Although she has artworks in major museum collections, she has had few exhibitions in the US and never achieved gallery representation in New York. “My whole life in the US as a Palestinian artist has been rejection,” she explains.

Serious interest in her work has come in recent years from institutions and figures in the Arab world. The Barjeel Art Foundation has long been a supporter, and during the Covid lockdown shed light on her digital abstractions, previously a little-known aspect of her work. Last year she had a major retrospective at the Sharjah Art Museum and she has signed with the highly-respected Sfeir-Semler Gallery in Beirut.

Her precise, colour-filled abstract paintings are now being understood both as part of the lineage of the Abstract Expressionism movement in America and as politically-engaged work that connects with other movements abroad. For Halaby, her juxtapositions of colour allow her to speak in the abstract about the relations between people, states and power in society, anywhere in the world.

The Eskenazi Museum of Art show would have contained 35 works, concentrating on the period in the 1970s when she made some of her best work and stretching into the present day. It centred around three major paintings that were donated to Indiana University and express the universalism and dynamism that Halaby sees in political struggle.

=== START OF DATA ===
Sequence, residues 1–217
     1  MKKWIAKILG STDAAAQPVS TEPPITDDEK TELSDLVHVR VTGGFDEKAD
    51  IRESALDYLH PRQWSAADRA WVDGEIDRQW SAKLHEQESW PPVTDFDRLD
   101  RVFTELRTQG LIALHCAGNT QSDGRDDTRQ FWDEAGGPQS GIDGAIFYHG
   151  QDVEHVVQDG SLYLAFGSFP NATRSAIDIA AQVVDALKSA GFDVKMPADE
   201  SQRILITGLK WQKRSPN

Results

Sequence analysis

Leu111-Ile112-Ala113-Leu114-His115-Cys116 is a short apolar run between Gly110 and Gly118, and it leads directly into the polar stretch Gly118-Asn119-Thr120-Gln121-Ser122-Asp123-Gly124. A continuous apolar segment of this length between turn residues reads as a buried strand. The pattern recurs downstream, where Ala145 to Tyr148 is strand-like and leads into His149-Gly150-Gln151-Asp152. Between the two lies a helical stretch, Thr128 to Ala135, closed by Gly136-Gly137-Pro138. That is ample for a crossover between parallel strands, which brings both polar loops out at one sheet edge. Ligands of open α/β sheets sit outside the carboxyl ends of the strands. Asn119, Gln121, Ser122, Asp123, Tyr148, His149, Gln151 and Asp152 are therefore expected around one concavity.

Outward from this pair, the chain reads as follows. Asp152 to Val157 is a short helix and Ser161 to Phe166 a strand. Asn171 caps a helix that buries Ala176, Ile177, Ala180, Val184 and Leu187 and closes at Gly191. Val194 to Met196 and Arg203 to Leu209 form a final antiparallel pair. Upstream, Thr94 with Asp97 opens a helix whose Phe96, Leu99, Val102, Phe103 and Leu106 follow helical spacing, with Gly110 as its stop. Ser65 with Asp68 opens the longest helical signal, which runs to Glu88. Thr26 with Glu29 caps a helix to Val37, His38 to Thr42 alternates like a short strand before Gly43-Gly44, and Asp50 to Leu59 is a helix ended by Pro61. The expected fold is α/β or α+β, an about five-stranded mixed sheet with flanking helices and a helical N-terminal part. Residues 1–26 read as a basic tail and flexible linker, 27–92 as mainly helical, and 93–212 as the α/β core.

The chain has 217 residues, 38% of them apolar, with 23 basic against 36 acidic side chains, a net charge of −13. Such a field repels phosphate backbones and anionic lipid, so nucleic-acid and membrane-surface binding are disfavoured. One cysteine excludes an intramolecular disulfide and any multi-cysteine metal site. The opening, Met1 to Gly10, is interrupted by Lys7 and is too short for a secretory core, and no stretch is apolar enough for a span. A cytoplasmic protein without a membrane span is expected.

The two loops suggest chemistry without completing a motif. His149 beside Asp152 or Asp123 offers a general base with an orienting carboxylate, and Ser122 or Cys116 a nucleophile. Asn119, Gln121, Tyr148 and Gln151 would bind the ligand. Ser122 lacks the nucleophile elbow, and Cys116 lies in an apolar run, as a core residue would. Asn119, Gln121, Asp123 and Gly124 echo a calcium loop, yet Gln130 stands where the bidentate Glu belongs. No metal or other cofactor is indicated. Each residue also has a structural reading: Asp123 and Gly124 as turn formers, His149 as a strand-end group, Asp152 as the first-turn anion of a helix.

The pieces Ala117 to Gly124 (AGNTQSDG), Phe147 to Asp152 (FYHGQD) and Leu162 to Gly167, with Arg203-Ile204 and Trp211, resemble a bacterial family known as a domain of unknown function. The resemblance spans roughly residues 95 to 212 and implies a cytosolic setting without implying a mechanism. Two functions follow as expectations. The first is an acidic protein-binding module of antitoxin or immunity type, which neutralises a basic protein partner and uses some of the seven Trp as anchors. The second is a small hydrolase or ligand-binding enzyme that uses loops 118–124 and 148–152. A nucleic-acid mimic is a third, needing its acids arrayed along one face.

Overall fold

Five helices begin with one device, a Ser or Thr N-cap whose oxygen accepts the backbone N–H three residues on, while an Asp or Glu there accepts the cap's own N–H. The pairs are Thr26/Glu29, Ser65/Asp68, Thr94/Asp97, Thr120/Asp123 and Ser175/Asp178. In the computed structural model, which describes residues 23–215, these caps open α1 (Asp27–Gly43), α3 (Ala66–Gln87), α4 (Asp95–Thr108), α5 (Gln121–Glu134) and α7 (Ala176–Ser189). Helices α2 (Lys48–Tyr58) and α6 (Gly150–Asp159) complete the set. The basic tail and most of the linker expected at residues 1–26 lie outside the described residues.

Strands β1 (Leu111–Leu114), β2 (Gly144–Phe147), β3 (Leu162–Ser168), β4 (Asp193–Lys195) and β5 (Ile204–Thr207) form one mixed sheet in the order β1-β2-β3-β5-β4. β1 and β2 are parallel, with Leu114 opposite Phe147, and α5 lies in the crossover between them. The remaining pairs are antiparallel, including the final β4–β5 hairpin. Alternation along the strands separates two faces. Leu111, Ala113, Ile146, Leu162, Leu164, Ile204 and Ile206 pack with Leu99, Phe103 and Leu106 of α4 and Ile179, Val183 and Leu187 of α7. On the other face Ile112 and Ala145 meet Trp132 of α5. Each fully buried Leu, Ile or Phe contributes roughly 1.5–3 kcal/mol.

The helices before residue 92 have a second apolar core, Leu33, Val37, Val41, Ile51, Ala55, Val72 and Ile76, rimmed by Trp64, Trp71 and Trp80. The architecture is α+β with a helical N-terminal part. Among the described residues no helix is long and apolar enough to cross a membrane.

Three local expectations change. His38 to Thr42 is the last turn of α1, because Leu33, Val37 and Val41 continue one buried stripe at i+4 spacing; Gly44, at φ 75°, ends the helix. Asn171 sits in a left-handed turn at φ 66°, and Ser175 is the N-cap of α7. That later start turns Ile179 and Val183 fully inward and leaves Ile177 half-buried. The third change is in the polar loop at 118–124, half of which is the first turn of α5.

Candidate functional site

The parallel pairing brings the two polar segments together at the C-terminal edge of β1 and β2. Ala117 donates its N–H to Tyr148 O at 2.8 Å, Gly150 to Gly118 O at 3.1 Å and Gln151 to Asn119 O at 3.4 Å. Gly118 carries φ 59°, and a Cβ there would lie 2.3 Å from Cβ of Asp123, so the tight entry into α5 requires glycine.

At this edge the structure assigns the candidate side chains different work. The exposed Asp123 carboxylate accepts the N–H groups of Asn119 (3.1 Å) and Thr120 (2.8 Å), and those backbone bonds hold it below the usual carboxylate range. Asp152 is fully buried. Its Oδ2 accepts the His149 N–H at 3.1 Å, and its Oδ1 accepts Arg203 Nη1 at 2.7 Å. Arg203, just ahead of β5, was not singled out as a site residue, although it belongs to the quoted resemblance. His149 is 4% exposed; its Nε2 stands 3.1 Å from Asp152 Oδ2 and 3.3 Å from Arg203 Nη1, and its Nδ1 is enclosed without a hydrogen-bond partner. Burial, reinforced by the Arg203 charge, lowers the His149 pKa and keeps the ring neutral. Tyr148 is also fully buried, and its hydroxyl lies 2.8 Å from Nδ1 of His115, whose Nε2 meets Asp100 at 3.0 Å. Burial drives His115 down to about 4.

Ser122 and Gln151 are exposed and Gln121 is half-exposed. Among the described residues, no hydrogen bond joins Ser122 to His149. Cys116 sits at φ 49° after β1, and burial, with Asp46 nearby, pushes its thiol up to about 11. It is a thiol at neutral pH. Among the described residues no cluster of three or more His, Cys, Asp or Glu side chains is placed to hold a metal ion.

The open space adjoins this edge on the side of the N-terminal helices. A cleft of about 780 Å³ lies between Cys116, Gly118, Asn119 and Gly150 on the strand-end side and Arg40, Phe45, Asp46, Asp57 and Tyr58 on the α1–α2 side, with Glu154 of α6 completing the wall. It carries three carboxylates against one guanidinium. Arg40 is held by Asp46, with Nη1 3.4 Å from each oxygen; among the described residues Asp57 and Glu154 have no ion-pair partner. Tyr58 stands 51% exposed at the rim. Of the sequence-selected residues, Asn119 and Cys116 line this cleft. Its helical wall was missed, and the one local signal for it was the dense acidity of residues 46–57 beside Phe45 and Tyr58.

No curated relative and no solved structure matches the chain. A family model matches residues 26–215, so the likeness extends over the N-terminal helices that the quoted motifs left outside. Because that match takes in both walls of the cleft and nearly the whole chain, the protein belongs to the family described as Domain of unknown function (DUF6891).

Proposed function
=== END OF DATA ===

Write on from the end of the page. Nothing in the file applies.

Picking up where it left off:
In Worldwide Intifada (1989), separated shapes jot across the horizontal canvas, each containing abstract colours and shapes that ring out in energy. The empty space in between the shapes is as important for Halaby as the jostling beauty of the filled sections, showing how negative space can be controlled by what is around it.

Another work inspired by Palestine that was to be in the show, Our Beautiful Land Stolen in the Night of History (2016), alludes to the tawny brown earth of the country, and reflects in its aesthetic her experimentations in the digital realm.

The cancelled show is scheduled to be followed by a sister exhibition, Samia Halaby: Eye Witness, at the MSU Broad Art Museum at Michigan State University campus. Curated by Rachel Winter, the show is due to go up on June 29 this year and MSU has confirmed to The National that the exhibition will proceed as planned.

The two organisations collaborated on the catalogue, which has already been produced and will be a major contribution to the study of Halaby’s work. “I'm pleased about the catalogue – that at least something of the work and the accomplishment is concretized,” she says.

The furore over the recent cancellation has also been heartwarming. But Halaby reflects: “It’s really hard to know that, [despite] whatever we're doing here – the demonstrations that brave people are doing over and over again everywhere in the world – still the killing is going on. It's still heartbreaking to see the children and the weaponisation of starvation and disease. The pain keeps going.”

Updated: January 18, 2024, 4:20 AM